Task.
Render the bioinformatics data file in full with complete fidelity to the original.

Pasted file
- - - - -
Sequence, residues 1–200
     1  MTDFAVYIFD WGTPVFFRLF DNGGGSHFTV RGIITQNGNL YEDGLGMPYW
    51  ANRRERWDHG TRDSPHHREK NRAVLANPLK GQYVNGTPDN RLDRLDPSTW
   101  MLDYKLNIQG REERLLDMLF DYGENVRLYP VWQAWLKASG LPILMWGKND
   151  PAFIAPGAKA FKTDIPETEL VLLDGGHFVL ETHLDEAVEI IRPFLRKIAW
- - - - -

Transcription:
Sequence, residues 1–200
     1  MTDFAVYIFD WGTPVFFRLF DNGGGSHFTV RGIITQNGNL YEDGLGMPYW
    51  ANRRERWDHG TRDSPHHREK NRAVLANPLK GQYVNGTPDN RLDRLDPSTW
   101  MLDYKLNIQG REERLLDMLF DYGENVRLYP VWQAWLKASG LPILMWGKND
   151  PAFIAPGAKA FKTDIPETEL VLLDGGHFVL ETHLDEAVEI IRPFLRKIAW